In 2005, the EPA commenced a CERCLA action against the Landfill. (Id. ¶ 31.) This Court entered a default judgment in favor of the EPA, holding the Landfill liable for site contamination and remedial clean-up costs. (Id.) The EPA never served notice of the 2005 CERCLA action upon H&H. (Id. ¶ 32.)

         The default judgment resulted in an order granting the EPA “immediate and unconditional access to and through all portions of the 39 Acres of Land” and permitted access “for such duration as is necessary to complete all activities necessary to conduct a Remedial Investigation and Feasibility Study, design, implement, operate, and maintain appropriate remedial actions at the Site.” (Id. ¶ 35 (citing Ex. 2, Order Granting Motion for Default Judgment (“2005 Order”), ¶¶ 2-3).) The 2005 Order enjoined the Landfill from interfering with access. (Id. ¶ 36.)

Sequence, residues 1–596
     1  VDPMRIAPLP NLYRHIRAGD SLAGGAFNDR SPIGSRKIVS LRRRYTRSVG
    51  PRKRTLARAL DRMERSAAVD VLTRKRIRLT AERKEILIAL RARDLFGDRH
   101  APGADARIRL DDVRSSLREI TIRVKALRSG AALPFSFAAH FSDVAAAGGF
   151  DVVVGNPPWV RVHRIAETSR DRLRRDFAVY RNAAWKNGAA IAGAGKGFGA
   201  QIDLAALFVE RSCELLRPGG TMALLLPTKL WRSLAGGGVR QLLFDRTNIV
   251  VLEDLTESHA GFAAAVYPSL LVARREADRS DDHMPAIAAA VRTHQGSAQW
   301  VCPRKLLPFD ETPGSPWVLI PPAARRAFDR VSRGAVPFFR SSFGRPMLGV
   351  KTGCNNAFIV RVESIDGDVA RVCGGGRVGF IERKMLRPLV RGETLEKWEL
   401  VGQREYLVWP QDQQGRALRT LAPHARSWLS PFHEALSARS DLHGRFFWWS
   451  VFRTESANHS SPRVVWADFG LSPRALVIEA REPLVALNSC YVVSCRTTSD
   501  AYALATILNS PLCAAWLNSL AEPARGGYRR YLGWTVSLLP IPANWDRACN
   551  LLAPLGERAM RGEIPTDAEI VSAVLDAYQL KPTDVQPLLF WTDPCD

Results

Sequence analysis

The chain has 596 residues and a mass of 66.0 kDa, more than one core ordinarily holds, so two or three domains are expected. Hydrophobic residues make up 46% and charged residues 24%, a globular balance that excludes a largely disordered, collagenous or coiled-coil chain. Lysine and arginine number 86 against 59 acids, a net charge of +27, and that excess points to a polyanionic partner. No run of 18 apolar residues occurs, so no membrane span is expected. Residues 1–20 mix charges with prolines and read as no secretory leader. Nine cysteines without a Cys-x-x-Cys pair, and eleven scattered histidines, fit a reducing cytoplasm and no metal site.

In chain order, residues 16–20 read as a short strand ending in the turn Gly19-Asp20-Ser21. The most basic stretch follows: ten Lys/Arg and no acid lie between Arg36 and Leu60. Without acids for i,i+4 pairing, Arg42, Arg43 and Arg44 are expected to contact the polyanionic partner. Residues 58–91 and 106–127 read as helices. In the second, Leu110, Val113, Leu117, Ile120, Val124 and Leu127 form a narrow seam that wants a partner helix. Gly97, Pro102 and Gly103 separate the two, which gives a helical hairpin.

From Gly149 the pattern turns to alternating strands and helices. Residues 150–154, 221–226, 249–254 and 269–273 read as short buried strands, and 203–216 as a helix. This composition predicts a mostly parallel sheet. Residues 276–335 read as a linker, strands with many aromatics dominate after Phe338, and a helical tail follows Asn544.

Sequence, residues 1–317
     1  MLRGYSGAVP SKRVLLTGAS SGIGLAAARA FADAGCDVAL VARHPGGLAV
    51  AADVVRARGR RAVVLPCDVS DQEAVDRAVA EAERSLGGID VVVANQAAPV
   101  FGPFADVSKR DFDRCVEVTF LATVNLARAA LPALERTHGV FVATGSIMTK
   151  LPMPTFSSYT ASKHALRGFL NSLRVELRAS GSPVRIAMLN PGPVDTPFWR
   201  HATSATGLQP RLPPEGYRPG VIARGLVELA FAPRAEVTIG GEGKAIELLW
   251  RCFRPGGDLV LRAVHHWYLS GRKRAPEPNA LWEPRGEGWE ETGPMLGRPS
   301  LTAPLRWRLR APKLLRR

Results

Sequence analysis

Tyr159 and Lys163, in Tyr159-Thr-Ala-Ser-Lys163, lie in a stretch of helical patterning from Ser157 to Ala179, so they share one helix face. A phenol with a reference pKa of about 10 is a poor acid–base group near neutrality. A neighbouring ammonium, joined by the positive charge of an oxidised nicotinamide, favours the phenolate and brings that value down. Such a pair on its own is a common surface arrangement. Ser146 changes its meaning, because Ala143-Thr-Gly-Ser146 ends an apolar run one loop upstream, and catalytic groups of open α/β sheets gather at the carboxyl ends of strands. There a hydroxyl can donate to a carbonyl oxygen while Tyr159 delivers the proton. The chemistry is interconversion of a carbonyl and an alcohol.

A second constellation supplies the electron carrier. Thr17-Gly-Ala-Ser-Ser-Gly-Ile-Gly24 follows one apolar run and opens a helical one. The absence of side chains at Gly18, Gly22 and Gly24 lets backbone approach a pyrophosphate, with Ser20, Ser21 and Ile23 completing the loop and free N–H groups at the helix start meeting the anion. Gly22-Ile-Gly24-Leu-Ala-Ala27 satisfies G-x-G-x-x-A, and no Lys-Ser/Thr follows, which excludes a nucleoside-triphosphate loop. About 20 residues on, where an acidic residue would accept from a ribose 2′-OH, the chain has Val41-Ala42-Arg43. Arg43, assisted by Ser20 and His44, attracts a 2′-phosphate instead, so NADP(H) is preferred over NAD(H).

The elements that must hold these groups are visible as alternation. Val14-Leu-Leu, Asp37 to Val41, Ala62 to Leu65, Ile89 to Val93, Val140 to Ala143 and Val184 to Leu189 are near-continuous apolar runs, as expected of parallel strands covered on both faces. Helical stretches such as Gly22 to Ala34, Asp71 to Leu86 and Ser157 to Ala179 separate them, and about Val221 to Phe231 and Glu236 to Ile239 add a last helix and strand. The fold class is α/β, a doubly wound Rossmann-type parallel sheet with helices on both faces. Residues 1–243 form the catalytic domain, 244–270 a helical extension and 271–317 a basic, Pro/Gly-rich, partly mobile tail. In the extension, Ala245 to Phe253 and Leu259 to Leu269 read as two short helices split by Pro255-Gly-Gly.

Defendants have conducted testing, drilled bore holes, moved piles of dirt from one location to another, and dumped more waste on the property from nearby locations. (Id. ¶ 40.) Although the 2005 Order was not directed at any tenants, specifically, H&H has cooperated with Defendants. (Id. ¶¶ 37, 39.) In 2014, the EPA published the result of their nine-year study in a Record of Decision (“ROD”). (Id. ¶ 40.) The ROD outlined the EPA's plan to clean up the Landfill. (Id. ¶ 41.) The ROD also stated that the site could be used in the future for industrial purposes. (Id. ¶ 42 (citing Ex. 3, Record of Decision (“ROD”), § 6.0).) Therefore, H&H was hopeful that it would be able to continue its operations at the site post remediation. (Id. ¶ 43.)

         However, on April 18, 2018, H&H received a Notice to vacate from Defendants, citing their authority under the 2005 Order. (Id. ¶ 44.) H&H alleges that the letter gave it 90 days to vacate without any guarantee of payment of estimated just compensation. (Id. ¶ 45.) H&H alleges that, up until that time, Defendants had only spoken of the “potential” or possibility that H&H might have to vacate. (Id. ¶ 46.) H&H asked for, and received, an extension until September 30, 2018. (Id. ¶ 47.)